This is one of the oldest churches of Florence and is the burial place of the principal members of the Medici family. To reach this church you have to move into the main market district. The “inventor of perspective”, Filippo Brunelleschi, designed the church in the 15th century, and it represents one of the first examples of ecclesiastical Renaissance architecture. Unfortunately, the façade of the church has never seen his completion. This is why you could probably consider it a bit rustic, but just try to enter inside and you will experience a “jaw-dropping” because its interior is a pure Reinassance neo-classical artwork!
7. Palazzo Pitti & Boboli Gardens
This huge palazzo, situated on the south bank of the Arno River, dates back to the 15th century. A lovely corner of quietness. Until 1919 it was the residence of Florence’s rulers. Then the Palace was transformed from a Royal residence into a historic residence owned by the State after Italy became a Republic. Palazzo Pitti overlooks Florence from an elevated site and still contains all its noble and luxurious atmosphere thanks to its private collections. Feel like a member of the Medici Family visiting Palazzo Pitti and its decorated room with this tour.
The Medici Family financed the creation of Boboli Gardens in the 16th century. They were looking to astonish the visitors with the incredible beauty of this garden. You easily find it just behind the Palazzo Pitti. They are also included in the UNESCO World Heritage sites list together with other Medici Villas and Gardens. It’s here that you can find a bit of peace and quietness. Lose yourself in the various Italianesque garden, admiring the various fountains and statues, and some Roman antiquities.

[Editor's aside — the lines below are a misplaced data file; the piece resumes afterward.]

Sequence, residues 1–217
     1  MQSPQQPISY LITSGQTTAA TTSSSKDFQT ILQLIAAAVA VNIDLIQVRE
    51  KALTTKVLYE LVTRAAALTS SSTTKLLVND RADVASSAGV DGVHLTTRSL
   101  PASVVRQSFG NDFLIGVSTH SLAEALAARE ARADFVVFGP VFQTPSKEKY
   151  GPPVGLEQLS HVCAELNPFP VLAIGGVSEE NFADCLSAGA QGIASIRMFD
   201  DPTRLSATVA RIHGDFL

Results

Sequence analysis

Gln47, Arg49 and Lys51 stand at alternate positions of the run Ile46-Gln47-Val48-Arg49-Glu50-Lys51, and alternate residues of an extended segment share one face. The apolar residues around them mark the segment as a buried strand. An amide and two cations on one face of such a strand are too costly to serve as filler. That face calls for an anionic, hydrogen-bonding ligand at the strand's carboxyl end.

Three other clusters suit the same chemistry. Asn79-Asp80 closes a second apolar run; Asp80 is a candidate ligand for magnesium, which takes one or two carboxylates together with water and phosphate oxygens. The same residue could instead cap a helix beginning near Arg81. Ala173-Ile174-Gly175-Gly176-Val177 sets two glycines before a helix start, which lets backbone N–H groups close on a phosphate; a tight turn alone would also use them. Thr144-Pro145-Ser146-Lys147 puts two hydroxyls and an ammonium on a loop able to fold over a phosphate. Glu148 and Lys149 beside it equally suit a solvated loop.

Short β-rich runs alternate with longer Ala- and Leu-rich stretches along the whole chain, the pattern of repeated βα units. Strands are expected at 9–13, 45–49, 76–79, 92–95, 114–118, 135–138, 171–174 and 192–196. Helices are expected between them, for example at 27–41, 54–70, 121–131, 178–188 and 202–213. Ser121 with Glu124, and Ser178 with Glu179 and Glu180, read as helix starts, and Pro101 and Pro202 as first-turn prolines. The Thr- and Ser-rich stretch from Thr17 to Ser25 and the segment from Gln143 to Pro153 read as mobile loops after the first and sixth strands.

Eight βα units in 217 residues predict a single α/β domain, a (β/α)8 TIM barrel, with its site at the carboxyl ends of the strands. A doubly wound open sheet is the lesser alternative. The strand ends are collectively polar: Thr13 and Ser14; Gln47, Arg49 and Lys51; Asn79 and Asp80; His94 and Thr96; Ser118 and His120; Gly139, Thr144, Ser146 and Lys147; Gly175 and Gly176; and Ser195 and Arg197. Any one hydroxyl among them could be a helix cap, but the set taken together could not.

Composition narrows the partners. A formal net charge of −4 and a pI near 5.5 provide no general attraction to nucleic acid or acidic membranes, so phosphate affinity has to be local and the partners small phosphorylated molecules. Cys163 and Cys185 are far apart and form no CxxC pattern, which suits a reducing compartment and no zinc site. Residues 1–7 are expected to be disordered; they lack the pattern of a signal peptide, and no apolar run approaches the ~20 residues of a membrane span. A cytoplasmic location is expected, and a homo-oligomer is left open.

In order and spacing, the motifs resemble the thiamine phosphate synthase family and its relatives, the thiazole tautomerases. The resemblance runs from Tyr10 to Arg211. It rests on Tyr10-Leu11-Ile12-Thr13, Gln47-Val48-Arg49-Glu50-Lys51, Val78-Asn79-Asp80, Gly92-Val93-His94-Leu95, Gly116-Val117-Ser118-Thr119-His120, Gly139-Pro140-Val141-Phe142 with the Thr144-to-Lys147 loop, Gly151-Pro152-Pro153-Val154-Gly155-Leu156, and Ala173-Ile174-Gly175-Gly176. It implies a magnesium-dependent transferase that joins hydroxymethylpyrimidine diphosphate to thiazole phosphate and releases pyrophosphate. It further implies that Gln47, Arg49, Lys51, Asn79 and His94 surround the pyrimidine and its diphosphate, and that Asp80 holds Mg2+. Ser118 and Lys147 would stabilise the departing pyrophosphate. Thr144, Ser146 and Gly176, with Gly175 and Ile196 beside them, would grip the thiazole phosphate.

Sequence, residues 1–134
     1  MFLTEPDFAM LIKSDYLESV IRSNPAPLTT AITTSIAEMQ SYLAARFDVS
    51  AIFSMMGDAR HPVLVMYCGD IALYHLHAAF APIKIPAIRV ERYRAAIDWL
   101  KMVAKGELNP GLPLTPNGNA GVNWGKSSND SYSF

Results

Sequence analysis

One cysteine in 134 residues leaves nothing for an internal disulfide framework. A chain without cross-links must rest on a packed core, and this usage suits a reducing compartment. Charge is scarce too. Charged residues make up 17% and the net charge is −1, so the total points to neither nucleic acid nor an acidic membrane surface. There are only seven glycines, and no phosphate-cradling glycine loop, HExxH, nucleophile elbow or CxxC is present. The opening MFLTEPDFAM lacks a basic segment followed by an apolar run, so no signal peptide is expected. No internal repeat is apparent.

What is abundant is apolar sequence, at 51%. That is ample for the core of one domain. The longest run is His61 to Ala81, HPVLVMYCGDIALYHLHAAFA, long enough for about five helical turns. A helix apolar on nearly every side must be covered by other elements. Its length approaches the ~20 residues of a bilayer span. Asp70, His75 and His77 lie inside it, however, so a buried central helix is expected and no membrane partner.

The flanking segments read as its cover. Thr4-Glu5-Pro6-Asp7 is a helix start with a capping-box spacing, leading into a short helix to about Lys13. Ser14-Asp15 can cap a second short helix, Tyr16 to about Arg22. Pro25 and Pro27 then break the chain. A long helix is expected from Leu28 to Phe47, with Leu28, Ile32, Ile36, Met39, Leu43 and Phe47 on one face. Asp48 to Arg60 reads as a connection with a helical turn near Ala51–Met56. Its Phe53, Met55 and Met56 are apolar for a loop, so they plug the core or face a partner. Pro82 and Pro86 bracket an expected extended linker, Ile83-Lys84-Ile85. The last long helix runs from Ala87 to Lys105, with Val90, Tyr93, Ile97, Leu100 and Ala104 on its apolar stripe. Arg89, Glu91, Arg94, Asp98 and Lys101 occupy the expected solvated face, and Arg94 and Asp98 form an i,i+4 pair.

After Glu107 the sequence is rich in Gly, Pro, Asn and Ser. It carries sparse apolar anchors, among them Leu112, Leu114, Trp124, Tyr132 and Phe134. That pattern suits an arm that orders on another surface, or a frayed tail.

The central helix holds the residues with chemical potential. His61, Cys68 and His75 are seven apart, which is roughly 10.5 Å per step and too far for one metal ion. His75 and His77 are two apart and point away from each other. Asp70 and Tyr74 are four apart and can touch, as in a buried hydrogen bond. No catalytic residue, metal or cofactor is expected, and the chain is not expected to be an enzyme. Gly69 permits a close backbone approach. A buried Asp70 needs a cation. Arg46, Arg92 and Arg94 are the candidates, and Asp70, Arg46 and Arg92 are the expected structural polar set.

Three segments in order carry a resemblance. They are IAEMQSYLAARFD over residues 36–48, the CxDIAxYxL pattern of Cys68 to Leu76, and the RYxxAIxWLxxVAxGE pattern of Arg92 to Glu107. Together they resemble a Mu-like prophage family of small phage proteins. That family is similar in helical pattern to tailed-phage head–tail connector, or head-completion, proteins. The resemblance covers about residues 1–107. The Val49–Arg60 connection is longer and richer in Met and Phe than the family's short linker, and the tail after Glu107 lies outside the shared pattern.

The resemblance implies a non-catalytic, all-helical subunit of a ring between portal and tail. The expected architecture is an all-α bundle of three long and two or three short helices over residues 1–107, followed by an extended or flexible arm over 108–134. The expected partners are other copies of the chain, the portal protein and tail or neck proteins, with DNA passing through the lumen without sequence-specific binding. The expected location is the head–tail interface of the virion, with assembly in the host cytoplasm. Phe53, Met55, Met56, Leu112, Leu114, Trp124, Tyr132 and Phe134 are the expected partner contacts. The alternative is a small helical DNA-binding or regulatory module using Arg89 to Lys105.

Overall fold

8. Piazza Santa Croce
The piazza is one of the most important places in Florence. It hosts the Basilica di Santa Croce and many aristocratic buildings. Originally this area was a real island in the Arno River. In late 1200, Franciscans chose this area to build their house because it was isolated from the rest of the city. Being huge with a regular shape, during the Renaissance, it became the ideal place where organize festivals, knights’ carousels, and games, such as the Calcio Storico Fiorentino which still takes place every June. If you wish to discover the treasures of the Cathedral, read the post about our visit to Santa Croce to get a small taste of it.
9. Piazzale Michelangelo
You cannot leave Florence without admiring its beauty from the Piazzale. One of the best panoramas in the world will leave you breathless. To reach the Piazzale Michelangelo, you can climb the hill starting from the Lungarni in the suburb of San Nicolò. You can also get the buses n. 12 or n. 13. If you have a car you can drive through the Viale dei Colli, one of my favorite boulevards in Florence. The road runs on the San Miniato hill and it represents the rebirth of the bourgeoisie.
10. Most Important Places in Florence: The New Market
Close to the large Piazza della Repubblica with a few bars and the carousel, you can visit the covered New Market called Nuovo Mercato. It takes this name to distinguish it from the “Mercato Vecchio” (Old Market). Initially, this was the place where merchants sold famous straw hats and luxury goods such as silk. Instead, today the New Market is the place to be if you are looking for souvenirs and leather goods. A legend says that if rub the nose of the pig (actually it looks like more a wild boar than a pig) the “Fontana del Porcellino” (Piglet Fountain) will ensure to return to Florence at least another time in your life. So, do not forget to do it. If you are curious to see the original statue dated back to the 16th century, visit Palazzo Pitti.
Now that you discovered the most important places in Florence, visit the town in a different way following tips that our Aussie friend Anne collected in this post called 10 unusual things to do in Florence.